Bedouin children defy Israel’s bulldozers in Gaza, Haifa art show

Unrecognized Games, an exhibition of photographs by artist Mohamed Badarne, will open in both Gaza and Haifa next week.

Although Badarne may not be able to visit his fellow Palestinians in Gaza, his images have been able to travel, showing viewers a little of the lives of children growing up in the so-called “unrecognized” Palestinian villages of the Naqab (Negev).

According to a statement by Badarne on the exhibition’s Facebook page, “the power of the show lies in the joy the children are capable of generating, despite the harsh conditions.” The exhibition will open on Monday (30 March), which is known as Land Day, a commemoration of when Israeli forces opened fire on a 1976 strike, killing six Palestinian citizens of Israel. 

Located just across the boundary between Gaza and present-day Israel, Palestinian Bedouin communities in the Naqab face having their homes bulldozed time and again by the Israeli authorities. In the case of one village, al-Araqib, such destruction has taken place dozens of times. The Israeli authorities are trying to displace the village’s inhabitants in order to create a park.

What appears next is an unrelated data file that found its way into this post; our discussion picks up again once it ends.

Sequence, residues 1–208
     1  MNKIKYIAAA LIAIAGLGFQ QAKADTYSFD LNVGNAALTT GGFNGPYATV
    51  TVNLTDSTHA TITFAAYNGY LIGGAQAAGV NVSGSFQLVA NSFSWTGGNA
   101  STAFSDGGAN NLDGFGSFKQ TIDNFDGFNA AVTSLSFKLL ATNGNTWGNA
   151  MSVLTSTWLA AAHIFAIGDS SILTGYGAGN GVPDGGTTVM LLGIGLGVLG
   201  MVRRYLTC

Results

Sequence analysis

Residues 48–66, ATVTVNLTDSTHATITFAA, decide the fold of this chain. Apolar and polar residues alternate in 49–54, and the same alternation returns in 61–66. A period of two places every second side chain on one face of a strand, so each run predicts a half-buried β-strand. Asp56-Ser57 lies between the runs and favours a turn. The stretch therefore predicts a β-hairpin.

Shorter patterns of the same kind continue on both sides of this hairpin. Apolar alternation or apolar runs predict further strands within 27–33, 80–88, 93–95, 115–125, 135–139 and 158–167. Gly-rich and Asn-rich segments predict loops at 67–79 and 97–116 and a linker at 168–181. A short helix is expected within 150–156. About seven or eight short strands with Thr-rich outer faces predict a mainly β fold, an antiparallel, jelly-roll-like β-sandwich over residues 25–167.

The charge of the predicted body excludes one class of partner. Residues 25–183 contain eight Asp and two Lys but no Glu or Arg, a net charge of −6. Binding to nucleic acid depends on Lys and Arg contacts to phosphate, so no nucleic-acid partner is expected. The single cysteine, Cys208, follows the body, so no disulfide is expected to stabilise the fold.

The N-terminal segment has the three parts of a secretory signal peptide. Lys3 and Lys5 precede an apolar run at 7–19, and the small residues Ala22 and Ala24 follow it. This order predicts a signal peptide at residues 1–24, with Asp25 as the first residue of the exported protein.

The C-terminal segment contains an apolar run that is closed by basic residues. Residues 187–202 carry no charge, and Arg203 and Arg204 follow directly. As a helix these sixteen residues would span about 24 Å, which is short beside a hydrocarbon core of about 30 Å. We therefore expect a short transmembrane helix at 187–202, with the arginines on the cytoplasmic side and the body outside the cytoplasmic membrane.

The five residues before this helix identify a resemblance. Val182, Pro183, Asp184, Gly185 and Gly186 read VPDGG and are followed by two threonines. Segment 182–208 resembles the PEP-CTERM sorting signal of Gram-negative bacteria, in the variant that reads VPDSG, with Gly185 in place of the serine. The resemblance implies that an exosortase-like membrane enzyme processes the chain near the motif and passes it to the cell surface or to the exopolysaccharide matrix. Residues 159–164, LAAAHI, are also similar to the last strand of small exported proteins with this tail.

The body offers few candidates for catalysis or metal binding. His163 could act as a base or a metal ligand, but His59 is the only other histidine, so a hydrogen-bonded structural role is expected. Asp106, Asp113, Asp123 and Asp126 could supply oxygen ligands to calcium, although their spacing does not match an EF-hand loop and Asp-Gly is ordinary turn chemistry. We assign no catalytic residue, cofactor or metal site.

Badarne, who describes himself as a human rights activist as well as a photographer, and who has also worked as a teacher, movingly documents the ability of children in the Naqab villages to defy the ongoing destruction. Perched in trees or racing around in superhero constumes, these Bedouin youngsters find ways to play in even the bleakest of situations.

Mohamed Badarne is a well-established Palestinian photographer whose work has been shown at the International Labour Organization in Geneva and in several Middle Eastern countries.

His 2013 exhibition May You Come Back Safely, which was shown at Darat al-Funun in Amman, Jordan, documented the lives of Palestinian construction workers. After several friends were killed and injured, Badarneh started to research the issue, finding that sixty such workers are killed every year on Israeli building sites.

In a defiant interview in the video (above), Badarne insists that Palestinian artists should feel that “we don’t need a stamp of approval from Israel, and we don’t have to be an embellishment for Israeli ‘democracy.’”

Unrecognized Games opens next week at the Arab Cultural Center in Haifa and the Windows Gallery in Gaza.


Sarah Irving

Sarah Irving's picture

Sarah is a freelance writer and editor, author of a biography of Leila Khaled and of the Bradt Guide to Palestine, co-editor of A Bird is Not a Stone (a volume of Palestinian poetry translated into the languages of Scotland), and a PhD candidate at the University of Edinburgh. She has worked and traveled in Palestine since 2001.